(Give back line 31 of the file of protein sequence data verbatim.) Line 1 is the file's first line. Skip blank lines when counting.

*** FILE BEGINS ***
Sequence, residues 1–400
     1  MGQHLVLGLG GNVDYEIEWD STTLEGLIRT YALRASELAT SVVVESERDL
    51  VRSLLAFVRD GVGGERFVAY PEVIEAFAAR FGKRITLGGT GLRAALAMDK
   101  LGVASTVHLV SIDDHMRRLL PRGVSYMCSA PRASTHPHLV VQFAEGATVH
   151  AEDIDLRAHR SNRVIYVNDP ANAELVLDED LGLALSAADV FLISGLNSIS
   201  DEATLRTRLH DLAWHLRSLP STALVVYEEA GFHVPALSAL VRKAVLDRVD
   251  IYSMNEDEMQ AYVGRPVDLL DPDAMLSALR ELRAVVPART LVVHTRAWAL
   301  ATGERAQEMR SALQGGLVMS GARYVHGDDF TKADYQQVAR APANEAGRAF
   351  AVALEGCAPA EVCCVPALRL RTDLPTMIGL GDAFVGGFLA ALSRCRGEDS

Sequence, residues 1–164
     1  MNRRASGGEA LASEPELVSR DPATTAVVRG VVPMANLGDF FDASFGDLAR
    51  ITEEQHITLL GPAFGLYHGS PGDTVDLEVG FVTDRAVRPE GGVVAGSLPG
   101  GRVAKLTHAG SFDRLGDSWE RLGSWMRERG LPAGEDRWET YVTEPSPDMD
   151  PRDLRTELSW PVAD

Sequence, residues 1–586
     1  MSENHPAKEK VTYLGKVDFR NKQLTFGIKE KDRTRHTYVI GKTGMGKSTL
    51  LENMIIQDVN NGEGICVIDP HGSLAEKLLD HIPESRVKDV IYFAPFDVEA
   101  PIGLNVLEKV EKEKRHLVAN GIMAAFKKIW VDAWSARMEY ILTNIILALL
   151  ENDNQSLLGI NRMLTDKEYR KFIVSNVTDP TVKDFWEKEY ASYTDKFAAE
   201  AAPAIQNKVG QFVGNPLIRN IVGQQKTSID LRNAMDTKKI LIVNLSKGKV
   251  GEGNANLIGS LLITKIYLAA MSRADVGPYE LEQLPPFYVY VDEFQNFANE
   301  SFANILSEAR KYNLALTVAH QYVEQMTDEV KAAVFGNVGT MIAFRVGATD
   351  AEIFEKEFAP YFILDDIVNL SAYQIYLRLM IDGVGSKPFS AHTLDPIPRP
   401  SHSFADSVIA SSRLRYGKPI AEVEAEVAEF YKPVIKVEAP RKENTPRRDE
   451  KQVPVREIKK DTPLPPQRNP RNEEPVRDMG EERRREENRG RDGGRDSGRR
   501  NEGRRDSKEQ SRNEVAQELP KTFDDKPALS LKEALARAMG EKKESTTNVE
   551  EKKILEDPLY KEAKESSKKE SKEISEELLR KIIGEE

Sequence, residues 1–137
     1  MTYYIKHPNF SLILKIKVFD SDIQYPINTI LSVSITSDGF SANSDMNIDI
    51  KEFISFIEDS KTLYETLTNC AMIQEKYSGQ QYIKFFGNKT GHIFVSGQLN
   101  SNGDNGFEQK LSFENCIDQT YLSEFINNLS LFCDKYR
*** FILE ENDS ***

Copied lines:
   101  SNGDNGFEQK LSFENCIDQT YLSEFINNLS LFCDKYR